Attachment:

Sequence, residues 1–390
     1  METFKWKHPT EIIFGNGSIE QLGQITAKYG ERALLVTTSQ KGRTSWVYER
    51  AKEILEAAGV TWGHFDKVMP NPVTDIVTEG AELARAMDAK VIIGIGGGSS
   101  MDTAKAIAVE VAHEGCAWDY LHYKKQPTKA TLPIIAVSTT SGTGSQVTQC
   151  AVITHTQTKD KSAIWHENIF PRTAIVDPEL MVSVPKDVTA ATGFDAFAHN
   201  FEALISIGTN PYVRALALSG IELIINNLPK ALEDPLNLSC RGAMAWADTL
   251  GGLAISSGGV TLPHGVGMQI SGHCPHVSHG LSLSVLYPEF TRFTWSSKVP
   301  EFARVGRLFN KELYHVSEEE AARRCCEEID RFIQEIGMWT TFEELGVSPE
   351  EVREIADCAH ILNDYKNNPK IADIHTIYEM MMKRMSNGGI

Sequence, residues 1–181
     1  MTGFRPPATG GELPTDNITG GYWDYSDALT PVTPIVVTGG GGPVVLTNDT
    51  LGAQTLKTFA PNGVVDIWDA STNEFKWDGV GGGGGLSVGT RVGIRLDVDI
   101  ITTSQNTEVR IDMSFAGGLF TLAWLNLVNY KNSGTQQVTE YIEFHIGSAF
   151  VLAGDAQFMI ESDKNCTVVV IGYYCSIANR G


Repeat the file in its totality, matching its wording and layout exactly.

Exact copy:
Sequence, residues 1–390
     1  METFKWKHPT EIIFGNGSIE QLGQITAKYG ERALLVTTSQ KGRTSWVYER
    51  AKEILEAAGV TWGHFDKVMP NPVTDIVTEG AELARAMDAK VIIGIGGGSS
   101  MDTAKAIAVE VAHEGCAWDY LHYKKQPTKA TLPIIAVSTT SGTGSQVTQC
   151  AVITHTQTKD KSAIWHENIF PRTAIVDPEL MVSVPKDVTA ATGFDAFAHN
   201  FEALISIGTN PYVRALALSG IELIINNLPK ALEDPLNLSC RGAMAWADTL
   251  GGLAISSGGV TLPHGVGMQI SGHCPHVSHG LSLSVLYPEF TRFTWSSKVP
   301  EFARVGRLFN KELYHVSEEE AARRCCEEID RFIQEIGMWT TFEELGVSPE
   351  EVREIADCAH ILNDYKNNPK IADIHTIYEM MMKRMSNGGI

Sequence, residues 1–181
     1  MTGFRPPATG GELPTDNITG GYWDYSDALT PVTPIVVTGG GGPVVLTNDT
    51  LGAQTLKTFA PNGVVDIWDA STNEFKWDGV GGGGGLSVGT RVGIRLDVDI
   101  ITTSQNTEVR IDMSFAGGLF TLAWLNLVNY KNSGTQQVTE YIEFHIGSAF
   151  VLAGDAQFMI ESDKNCTVVV IGYYCSIANR G